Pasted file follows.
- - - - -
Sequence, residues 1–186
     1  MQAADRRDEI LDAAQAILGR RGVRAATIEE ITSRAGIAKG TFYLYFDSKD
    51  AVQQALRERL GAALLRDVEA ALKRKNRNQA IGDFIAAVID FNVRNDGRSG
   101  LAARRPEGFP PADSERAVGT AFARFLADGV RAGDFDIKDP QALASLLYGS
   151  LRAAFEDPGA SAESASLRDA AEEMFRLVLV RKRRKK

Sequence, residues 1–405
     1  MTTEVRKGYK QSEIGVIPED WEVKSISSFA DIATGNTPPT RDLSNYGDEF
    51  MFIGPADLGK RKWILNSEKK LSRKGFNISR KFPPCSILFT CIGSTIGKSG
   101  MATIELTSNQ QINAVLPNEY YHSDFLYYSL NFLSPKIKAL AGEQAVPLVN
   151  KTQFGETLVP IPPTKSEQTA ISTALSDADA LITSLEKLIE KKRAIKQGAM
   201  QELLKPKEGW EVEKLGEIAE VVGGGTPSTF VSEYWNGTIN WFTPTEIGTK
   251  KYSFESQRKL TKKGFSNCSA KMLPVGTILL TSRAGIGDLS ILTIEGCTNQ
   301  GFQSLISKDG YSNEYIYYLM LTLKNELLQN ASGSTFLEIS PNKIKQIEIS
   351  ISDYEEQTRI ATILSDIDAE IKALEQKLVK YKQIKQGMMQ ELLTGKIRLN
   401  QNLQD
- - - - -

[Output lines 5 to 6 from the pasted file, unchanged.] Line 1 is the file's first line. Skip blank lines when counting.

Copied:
   151  LRAAFEDPGA SAESASLRDA AEEMFRLVLV RKRRKK

Sequence, residues 1–405